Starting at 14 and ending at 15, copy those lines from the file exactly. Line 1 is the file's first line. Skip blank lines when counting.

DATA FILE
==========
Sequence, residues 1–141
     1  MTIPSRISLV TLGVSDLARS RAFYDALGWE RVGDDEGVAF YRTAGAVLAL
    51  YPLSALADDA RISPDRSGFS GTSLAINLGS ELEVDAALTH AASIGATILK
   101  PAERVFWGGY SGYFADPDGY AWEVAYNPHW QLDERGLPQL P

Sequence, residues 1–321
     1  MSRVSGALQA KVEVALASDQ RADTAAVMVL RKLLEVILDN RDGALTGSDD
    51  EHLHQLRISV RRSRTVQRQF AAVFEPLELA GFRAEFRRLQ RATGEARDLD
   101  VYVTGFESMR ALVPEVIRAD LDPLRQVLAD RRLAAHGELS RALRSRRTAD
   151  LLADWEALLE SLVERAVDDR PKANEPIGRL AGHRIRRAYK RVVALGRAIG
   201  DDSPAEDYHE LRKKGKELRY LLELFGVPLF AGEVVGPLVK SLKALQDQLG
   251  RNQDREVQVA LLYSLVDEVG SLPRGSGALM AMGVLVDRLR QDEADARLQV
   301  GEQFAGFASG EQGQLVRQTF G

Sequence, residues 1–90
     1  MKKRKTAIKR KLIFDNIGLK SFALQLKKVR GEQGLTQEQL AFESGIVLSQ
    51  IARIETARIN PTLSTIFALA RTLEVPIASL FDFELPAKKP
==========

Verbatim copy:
     1  MKKRKTAIKR KLIFDNIGLK SFALQLKKVR GEQGLTQEQL AFESGIVLSQ
    51  IARIETARIN PTLSTIFALA RTLEVPIASL FDFELPAKKP